The West Hartford Town Council held the second of two hearings on the proposed 2022-2023 budget on Wednesday, April 6, 2022.
By Ronni Newton
Five residents spoke at the second of two public hearings on the 2022-2023 budget Wednesday night, sharing some of their concerns about the increasing cost of living in town with West Hartford Town Council members.
Dmitriy Frumkin, whose letter to the Council regarding the budget was shared with We-Ha.com a few weeks ago, said he understands after speaking with Acting Town Manager Rick Ledwith that there is no simple solution to addressing the inequities resulting from the latest revaluation, where homes in the Elmwood area as well as in the neighborhoods directly north of Albany Avenue and east of King Philip Drive on average increased in value much more than homes in other parts of town.
“There is a major tax burden shift,” Frumkin said, with the lowest income taxpayers being hit with the largest percentage increases. While the town’s mill rate may decrease, it won’t compensate for the increased value for these homeowners. In addition, he noted that the value of commercial properties has decreased in the latest revaluation – about 50% for Blue Back Square and 20% for Westfarms – further shifting the tax burden to residents.
“I spoke to the town manager and he indicated he shared the concern but it is very limited what the Town Council can do about it,” he stated, other than phasing in the revaluation – something he urged the Town Council to consider. He also urged Council members and residents to speak to our legislators and lobby for reform such as tiered tax brackets or property tax credits.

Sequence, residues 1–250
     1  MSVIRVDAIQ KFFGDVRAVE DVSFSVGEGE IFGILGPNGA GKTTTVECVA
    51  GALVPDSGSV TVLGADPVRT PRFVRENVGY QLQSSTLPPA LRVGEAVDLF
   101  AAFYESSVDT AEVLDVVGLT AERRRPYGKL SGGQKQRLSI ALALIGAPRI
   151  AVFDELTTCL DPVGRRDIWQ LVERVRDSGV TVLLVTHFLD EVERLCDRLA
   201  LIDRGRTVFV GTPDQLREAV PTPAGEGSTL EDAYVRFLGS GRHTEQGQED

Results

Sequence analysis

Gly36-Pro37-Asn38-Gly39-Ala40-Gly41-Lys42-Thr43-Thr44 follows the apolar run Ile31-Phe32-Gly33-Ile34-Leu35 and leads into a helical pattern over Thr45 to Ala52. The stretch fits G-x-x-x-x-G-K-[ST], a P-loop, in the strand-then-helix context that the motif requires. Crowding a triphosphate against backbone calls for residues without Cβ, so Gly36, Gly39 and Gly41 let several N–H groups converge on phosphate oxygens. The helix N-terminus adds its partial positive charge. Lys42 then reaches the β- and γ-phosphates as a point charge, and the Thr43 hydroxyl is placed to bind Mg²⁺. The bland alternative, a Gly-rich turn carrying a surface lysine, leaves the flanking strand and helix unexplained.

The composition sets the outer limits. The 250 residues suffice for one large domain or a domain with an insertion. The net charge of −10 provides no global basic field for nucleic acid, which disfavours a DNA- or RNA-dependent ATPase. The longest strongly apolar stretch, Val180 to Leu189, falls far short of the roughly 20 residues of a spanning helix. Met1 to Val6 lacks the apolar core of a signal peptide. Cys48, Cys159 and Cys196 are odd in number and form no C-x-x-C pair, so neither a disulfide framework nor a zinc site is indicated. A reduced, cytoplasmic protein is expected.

“I’m hoping in the future something can be done about this,” he said.
Revaluation is required every five years by state statute, but not every town in the state is on the same five-year cycle. The PDF below, provided by the town, illustrates the change in value for homes resulting from the most recent revaluation.
Resident Andrew Bachman, who said he has lived in West Hartford for 36 years and also owns a business in town, Trout Brook Landscaping, asked the Town Council to exercise as much restraint as possible in budgeting in this era of inflation and unprecedented increases in business expenses of about 15%. “The town should exercise restraint to any abatements to big business, and should look to doing some kind of abatement to small business,” he said.
Rich Witt is a resident and also owner of a law firm in West Hartford. “I’m noticing that I’m doing more and more closings for people over 65 in town,” he said, which is a troubling trend that older people can’t afford to stay in town.
“Taxes are proving to be the same as exclusionary zoning,” Witt said, and his calculation is that the average tax increase this year will be 10% for homeowners.
Witt also noted that construction projects are underway all around town, “and none of it seems to flow down to the residents for tax relief.”
It would be a shame to lose the people who have lived in town for generations due to rising tax burden, he said, because having long-time residents is what makes the town so special. “It’s just not good,” he said of the trends that are happening.
Resident Larry Carr raised some specific questions about departmental budgets, but Council members are not permitted to respond to questions during a hearing.
Gary Muldoon, who was the lone speaker at the March 16 budget hearing, suggested that the town look carefully at every single departmental budget.
“My suggestion is everywhere. Every single department including the fire department, police department … we have to go through every department and talk to everyone. … Where do we cut? Everwhere, every department, nobody’s exempt.”
Ledwith presented the proposed Fiscal Year 2022-2023 budget to the Council on March 8. The $317.9 million spending plan would raise taxes by 3.06%.
To generate the needed revenue to meet budgeted expenses, the proposed mill rate is 39.83 mills, a decrease of 2.59 mills (6.11%) from the current rate of 42.42 mills.
The Council has held multiple workshops since the budget was presented, and has been meeting with directors and representatives of all departments as they conduct a review of the spending plan.
The Board of Education approved its 2022-2023 budget Tuesday night, with minor changes from the original proposal. That budget is part of the town’s overall budget, which the Town Council is scheduled to adopt on Monday, April 25, 2022. That meeting will begin at 7:30 p.m.
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